Before my very first Homecoming Dance in 1999, two seniors at my school were killed in a car accident. I didn’t know these kids at all, which made the grieving process a strange one. I remember how the din of the school’s hallways was hushed the next day, I remember seeing friends huddled in in clumps outside the school crying or praying or both, and I remember being driven out to the country, out to the spot of the accident where a makeshift memorial had taken shape. Around the fateful tree lay bouquets of flowers, stuffed animals, some hand-written notes, and well over 50 messages drawn on the road in colored chalk that stretched on for hundreds of feet.
I held the piece of chalk in my hand and walked along the pavement reading all these messages from people who knew the two kids: Messages that thanked, that loved, that wished for the best, that recalled a moment they shared, that said what life would be like without you. I didn’t know what life was like with them. All these messages from people who knew these two kids, and I felt like I had nothing to say, nothing to be thankful for. I finally wrote, “I wish I could have known you. From everything I’ve read, you sound like a wonderful person.”
This was how I felt Friday when Adam Yauch, 47, died. There are many others who knew MCA more than I did, both literally and through his music. I picked up Hello Nasty in 1998 and it sat largely unplayed in my CD binder. License to Ill and Ill Communication came later in high school — I just played the singles. It wasn’t until my cousin sent me Paul’s Boutique late into college that something clicked for me. I came running back to my CDs, late pass in hand, and haven’t looked back since.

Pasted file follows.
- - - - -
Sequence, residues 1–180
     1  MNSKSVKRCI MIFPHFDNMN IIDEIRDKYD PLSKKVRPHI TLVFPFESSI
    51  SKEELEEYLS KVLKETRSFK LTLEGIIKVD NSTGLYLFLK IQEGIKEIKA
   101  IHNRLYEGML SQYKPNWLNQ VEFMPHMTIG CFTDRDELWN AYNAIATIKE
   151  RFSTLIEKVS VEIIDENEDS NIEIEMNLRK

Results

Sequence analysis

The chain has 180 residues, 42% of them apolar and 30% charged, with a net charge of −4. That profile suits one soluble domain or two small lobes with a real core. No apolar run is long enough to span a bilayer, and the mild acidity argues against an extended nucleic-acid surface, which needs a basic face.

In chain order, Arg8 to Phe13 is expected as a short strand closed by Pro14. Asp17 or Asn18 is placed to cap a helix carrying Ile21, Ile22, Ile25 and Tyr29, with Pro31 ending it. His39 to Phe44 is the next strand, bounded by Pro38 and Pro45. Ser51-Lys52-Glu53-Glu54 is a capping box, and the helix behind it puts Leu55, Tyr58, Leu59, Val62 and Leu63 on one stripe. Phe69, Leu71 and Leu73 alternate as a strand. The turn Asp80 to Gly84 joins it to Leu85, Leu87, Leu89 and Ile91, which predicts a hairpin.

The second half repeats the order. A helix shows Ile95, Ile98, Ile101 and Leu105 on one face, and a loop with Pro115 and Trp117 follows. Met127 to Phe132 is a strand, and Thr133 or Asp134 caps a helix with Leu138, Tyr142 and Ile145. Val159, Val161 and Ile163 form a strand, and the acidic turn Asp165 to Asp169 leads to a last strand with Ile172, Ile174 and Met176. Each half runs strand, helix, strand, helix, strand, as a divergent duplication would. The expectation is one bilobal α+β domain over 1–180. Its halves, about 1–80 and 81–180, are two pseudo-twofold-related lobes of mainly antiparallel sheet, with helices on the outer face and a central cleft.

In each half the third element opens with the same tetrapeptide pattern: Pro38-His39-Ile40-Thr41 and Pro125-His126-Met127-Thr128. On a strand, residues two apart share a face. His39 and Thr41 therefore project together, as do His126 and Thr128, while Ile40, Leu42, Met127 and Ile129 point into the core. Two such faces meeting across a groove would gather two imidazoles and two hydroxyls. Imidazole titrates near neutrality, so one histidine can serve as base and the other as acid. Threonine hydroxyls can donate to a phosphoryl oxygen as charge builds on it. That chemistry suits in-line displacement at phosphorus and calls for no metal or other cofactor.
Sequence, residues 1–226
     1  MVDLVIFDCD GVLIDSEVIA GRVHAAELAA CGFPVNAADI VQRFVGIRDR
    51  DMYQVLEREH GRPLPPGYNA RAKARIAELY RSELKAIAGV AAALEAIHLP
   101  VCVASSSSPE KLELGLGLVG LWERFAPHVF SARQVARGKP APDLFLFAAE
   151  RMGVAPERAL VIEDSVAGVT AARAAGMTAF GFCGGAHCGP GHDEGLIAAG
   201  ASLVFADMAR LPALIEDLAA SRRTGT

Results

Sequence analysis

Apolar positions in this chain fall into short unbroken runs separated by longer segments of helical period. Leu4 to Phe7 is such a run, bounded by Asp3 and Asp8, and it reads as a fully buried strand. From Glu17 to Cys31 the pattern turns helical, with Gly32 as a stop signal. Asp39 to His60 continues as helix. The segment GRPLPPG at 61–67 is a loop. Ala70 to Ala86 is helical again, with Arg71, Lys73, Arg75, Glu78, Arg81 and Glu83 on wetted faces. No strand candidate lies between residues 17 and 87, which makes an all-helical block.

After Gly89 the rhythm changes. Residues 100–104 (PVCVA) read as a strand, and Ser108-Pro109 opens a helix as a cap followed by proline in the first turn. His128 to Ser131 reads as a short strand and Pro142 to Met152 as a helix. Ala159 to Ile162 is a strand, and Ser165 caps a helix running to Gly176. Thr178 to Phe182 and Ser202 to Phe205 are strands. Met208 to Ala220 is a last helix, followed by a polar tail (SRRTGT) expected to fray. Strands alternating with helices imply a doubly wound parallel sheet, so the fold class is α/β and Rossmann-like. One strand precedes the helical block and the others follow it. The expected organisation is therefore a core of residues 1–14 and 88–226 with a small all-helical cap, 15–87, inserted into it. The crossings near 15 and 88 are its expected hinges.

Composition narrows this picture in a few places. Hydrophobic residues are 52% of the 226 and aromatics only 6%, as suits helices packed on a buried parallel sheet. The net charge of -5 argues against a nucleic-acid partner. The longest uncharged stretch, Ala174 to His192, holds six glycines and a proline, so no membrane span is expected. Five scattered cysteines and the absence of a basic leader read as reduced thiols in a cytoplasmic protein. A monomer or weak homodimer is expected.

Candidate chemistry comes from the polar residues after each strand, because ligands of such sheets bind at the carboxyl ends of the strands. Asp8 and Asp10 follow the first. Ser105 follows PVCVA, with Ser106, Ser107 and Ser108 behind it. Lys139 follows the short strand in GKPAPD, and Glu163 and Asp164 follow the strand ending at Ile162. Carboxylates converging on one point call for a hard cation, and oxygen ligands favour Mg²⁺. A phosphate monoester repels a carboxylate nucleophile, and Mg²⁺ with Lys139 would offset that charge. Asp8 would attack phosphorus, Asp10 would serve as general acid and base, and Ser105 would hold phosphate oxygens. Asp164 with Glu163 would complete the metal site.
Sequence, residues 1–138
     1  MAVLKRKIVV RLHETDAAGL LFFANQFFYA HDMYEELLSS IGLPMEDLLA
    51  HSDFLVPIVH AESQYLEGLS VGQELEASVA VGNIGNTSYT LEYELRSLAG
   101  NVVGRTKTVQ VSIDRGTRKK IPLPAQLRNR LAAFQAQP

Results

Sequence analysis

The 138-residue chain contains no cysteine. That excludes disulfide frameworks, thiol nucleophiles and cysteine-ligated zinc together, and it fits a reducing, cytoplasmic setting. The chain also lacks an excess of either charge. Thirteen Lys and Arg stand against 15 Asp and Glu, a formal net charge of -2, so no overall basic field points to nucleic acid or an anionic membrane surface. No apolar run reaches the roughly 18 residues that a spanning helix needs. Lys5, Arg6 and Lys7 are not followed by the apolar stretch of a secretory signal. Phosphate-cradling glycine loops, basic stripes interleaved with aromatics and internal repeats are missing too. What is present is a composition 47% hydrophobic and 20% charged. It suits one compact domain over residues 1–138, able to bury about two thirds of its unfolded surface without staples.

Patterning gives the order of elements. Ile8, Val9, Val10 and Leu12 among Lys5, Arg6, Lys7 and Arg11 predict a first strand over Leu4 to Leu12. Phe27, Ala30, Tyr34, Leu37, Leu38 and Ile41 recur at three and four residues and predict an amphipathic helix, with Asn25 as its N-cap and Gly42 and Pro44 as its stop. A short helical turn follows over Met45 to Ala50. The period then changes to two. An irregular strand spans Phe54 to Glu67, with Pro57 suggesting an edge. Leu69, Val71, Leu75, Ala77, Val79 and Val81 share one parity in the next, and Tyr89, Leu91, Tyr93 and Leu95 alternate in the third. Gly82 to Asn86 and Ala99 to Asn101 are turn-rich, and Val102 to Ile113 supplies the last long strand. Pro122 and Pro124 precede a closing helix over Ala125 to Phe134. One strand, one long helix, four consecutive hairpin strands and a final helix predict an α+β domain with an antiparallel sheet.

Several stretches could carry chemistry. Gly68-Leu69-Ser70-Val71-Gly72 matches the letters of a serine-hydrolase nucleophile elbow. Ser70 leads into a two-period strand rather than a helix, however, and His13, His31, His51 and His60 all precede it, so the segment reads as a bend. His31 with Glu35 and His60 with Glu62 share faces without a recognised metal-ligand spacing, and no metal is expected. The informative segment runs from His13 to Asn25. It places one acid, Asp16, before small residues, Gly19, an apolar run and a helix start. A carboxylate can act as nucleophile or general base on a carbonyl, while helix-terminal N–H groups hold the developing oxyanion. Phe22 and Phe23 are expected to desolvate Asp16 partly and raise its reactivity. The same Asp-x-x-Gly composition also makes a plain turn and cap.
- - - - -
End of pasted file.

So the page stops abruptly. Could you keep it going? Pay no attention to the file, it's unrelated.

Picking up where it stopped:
Over the weekend I read plenty about Yauch from extensive and emotional histories, to a heartfelt piece from a guy who knew him, to even reading tweets from musicians. Like a lot of people did, I played through every Beastie Boys album like twice, k-holed through Beastie Boys music videos on live performances on YouTube, thumbed through my 33 1/3 book on Paul’s Boutique, and got real bummed out when I couldn’t find my t-shirt that came with my Hot Sauce Committee Pt 2. deluxe vinyl order. This wasn’t me grieving. This was me walking along the road holding that piece of chalk.
But there’s something that separates the two kids and MCA. In reading about and listening to Yauch nonstop for the past three days (and to a more real extent since I first picked up Hello Nasty), I found that if you know Beasties Boys’ music, then you know Adam Yauch. All the facets of his life from skeezin’ in the back of a party with some ladies to a mea culpa for his immature youth, to his auteurism in film, to his spiritual beliefs — Yauch’s art truly reflected his life. His heart and soul lives in the grooves of every record and the reels of every film.
If you feel like you don’t know him, start now. Start by listening to him count it down in “The New Style” and fill in every gap between that and his comic masterpiece Fight For Your Right Revisited.
What follows is our note on the pavement.
-Jeremy D. Larson